Picking a college is an exciting and anxious decision, for both students and parents. Although it’s tempting to focus on name-brand, selective colleges and universities, not every student will thrive in every environment.
Picking the wrong school can be a costly mistake.
According to College Inside Track, 38% of students transfer out of the school they attended freshman year. Of those, half transfer multiple times, and a good portion of those never finish. College Inside Track estimates that every time a student transfers institutions, it costs an average of $12,000, whether for additional coursework or lost financial aid.
It is essential to match the college with the student to provide the best shot for success and keep the cost of that education to the minimum amount possible. Here are three key areas to consider as you think about which institution might be a good fit for your student.
There are some key areas to look for when matching a school’s academic profile to your student. First is evaluating where the student’s interest lies and looking at the school’s reputation those areas. It is also important to look at the companies or industries the faculty and school have relationships with to help with job placement and internships. Lastly, evaluate the academic rigor of the curriculum. You want your student to be able to complete his or her degree in four years, which might be difficult if they are either not challenged enough or are constantly struggling academically.
Many of the most important lessons that we learn in college happen outside the classroom. Do you think your student would thrive better at a small college or a large university? What kind of social groups and extracurricular activities are available at the school and in the surrounding area? Is your student going to thrive socially or hate it and spend their four years wishing they were somewhere else? Just like admissions officers look for well-rounded individuals when filling their freshman class, hiring managers look for well-rounded and socially adapted individuals when trying to fill positions at their companies.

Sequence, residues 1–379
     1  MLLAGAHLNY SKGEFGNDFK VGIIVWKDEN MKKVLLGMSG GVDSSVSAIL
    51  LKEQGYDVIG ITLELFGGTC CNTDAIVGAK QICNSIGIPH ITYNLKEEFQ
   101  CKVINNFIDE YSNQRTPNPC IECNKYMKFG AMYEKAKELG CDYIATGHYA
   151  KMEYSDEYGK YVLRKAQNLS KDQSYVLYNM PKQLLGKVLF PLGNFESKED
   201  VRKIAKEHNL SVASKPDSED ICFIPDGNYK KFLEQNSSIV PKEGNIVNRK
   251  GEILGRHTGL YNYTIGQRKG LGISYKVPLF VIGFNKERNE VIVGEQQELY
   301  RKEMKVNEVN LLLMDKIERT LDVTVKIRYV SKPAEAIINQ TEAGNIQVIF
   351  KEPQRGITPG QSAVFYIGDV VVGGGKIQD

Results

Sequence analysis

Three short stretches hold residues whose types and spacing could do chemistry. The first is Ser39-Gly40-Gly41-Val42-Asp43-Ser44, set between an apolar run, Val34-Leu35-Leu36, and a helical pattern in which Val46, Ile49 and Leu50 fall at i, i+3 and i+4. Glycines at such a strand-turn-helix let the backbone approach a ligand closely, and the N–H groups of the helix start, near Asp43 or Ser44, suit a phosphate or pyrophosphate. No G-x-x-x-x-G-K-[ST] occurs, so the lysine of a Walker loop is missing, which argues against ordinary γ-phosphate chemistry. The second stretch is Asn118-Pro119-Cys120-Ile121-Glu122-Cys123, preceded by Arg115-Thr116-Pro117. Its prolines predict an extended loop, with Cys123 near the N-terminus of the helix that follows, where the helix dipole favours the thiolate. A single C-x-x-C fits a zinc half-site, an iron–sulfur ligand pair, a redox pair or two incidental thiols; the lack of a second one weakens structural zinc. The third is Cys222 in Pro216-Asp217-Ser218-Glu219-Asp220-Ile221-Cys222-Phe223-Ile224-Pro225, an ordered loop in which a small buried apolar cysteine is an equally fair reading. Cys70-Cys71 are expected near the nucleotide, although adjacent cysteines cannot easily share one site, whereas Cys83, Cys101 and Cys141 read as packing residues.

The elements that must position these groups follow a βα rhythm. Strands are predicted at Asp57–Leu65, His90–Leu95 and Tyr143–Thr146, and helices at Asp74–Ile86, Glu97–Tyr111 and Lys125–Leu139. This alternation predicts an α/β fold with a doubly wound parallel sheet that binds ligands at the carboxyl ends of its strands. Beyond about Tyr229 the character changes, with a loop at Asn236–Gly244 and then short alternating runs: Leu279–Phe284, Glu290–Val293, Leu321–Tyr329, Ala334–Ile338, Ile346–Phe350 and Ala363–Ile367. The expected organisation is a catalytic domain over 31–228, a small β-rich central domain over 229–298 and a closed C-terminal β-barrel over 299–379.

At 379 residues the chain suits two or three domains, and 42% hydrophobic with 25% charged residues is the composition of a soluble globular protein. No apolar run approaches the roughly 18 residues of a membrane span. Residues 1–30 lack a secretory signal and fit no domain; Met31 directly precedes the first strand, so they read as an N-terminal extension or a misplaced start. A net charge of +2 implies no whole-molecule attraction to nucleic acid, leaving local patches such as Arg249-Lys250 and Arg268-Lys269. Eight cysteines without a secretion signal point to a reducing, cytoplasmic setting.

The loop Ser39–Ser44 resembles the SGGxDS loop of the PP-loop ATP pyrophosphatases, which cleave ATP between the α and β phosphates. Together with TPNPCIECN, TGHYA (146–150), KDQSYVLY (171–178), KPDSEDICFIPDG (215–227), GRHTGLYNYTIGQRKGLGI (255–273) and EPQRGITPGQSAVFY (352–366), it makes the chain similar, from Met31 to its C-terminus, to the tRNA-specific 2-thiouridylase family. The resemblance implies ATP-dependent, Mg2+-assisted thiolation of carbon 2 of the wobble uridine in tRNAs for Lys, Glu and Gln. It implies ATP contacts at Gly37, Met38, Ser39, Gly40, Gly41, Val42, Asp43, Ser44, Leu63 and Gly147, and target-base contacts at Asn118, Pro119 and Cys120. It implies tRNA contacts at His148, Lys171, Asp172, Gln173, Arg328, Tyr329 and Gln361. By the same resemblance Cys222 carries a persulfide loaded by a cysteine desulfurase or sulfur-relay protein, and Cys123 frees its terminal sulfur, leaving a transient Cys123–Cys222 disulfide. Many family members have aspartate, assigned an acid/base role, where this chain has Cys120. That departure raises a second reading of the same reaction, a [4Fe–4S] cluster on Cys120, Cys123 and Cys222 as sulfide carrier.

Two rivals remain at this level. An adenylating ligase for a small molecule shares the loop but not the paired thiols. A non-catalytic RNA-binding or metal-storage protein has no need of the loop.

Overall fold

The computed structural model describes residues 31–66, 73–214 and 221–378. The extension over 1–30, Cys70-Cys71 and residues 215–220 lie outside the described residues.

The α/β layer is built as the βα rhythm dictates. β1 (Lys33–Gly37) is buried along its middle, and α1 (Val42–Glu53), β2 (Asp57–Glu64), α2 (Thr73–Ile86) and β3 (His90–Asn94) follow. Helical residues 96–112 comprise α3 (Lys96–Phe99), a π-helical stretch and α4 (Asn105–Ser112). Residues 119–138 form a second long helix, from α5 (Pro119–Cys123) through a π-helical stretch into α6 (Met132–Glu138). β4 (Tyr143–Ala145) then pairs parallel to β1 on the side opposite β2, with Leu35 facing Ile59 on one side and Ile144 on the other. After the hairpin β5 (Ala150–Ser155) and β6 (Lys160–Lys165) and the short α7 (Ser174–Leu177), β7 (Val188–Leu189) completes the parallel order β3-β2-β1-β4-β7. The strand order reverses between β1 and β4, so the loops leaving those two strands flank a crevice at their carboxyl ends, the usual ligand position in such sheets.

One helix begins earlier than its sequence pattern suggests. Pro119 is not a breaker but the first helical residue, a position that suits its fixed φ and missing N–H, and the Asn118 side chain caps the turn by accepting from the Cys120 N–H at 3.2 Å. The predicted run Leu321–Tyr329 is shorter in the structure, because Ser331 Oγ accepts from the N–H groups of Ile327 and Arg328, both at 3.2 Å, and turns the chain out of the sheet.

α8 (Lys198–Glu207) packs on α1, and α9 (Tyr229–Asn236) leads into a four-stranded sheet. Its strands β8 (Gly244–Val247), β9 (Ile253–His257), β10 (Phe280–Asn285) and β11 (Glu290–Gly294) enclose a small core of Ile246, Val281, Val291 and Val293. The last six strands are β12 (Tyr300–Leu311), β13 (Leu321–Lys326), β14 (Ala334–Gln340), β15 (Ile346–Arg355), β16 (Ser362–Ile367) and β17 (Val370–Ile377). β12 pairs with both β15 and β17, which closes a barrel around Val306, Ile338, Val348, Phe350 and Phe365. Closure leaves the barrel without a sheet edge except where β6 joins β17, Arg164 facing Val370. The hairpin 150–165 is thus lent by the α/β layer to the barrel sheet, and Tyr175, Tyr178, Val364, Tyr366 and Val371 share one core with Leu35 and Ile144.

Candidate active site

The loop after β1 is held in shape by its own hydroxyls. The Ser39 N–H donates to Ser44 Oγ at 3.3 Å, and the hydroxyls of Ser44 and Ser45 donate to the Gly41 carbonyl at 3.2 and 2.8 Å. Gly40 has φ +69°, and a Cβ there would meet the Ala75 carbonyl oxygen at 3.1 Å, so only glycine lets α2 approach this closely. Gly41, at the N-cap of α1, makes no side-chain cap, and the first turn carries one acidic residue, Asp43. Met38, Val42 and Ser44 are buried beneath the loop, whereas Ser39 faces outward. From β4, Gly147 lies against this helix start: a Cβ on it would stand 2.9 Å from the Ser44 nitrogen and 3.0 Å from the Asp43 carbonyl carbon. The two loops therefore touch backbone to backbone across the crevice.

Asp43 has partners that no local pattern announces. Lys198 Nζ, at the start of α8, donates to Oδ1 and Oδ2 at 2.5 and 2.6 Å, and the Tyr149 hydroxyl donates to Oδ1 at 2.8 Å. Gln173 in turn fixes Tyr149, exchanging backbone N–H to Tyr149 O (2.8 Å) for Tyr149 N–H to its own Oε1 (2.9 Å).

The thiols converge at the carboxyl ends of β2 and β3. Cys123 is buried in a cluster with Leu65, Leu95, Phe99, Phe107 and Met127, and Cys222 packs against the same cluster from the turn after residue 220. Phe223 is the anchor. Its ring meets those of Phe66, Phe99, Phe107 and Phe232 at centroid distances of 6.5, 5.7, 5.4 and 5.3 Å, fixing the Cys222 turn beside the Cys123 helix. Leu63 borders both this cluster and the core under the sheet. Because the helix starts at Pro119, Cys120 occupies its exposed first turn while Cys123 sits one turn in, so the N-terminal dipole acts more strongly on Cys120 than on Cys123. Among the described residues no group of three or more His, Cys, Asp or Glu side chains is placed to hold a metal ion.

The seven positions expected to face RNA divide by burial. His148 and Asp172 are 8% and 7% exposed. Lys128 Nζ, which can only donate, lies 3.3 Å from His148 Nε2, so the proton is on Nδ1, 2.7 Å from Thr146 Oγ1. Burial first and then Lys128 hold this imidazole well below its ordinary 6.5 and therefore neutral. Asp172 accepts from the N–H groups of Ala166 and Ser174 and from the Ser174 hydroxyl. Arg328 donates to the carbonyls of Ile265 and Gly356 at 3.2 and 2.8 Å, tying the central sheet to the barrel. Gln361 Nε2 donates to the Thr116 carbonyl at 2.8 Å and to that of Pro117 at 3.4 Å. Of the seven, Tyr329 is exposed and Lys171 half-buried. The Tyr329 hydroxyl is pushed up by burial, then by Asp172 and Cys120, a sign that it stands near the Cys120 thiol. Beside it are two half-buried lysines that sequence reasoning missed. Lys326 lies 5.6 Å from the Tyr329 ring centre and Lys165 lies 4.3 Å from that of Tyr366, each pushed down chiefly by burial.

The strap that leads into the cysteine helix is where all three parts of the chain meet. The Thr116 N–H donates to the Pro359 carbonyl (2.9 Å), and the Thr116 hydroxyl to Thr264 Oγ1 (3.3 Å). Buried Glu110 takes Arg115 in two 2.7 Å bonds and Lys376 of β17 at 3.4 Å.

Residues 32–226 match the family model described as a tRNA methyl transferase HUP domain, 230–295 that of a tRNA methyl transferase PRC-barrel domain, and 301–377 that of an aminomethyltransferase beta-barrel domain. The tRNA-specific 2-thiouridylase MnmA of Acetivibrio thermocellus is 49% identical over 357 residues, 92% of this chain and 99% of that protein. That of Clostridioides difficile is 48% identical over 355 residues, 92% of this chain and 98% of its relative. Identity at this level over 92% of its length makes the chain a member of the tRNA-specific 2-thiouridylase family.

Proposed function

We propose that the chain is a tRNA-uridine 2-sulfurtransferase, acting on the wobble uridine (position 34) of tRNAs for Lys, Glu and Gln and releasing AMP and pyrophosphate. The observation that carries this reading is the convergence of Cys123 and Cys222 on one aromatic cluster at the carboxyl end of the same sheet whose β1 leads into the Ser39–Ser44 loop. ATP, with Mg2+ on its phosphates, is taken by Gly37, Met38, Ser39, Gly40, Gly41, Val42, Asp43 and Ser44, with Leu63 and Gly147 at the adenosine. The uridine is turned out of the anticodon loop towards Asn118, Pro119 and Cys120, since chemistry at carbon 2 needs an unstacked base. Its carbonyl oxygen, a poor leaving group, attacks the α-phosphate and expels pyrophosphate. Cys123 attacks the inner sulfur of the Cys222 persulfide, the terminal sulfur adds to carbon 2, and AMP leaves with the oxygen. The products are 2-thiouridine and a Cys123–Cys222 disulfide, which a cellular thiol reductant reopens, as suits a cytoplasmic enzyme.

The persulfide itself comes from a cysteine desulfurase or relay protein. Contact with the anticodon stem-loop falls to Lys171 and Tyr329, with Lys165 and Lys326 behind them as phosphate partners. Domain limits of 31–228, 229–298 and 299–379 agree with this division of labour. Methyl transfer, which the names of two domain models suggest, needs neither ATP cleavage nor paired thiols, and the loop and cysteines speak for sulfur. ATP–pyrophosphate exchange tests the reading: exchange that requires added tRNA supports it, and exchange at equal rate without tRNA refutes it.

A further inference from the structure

Let’s face it, educating our children is one of the biggest expenses we will ever face. The cost of a college education has gone up substantially over the last 40 years, and although the rate of tuition increase has slowed over the last decade, it is still higher than the overall cost of inflation. This trend does not seem to be reversing anytime soon, which is why you must consider how your college funding strategy fits into your overall financial plan.
It does not help anyone if you jeopardize your retirement or long-term financial plan to get your child through school. Likewise, it does not help your student to be saddled with student debt that will put them behind financially for the first 10 or 15 years of their career.
As you and your student approach the college search, the first step is to sit down and figure out how you’ll pay for all four years of college. It is also important to have a real conversation with your student early in the process about what your family can realistically afford to pay.
By focusing on these key areas when selecting a school, you can do your best to ensure your student has an exceptional collegiate experience and will be equipped for their next stage of life.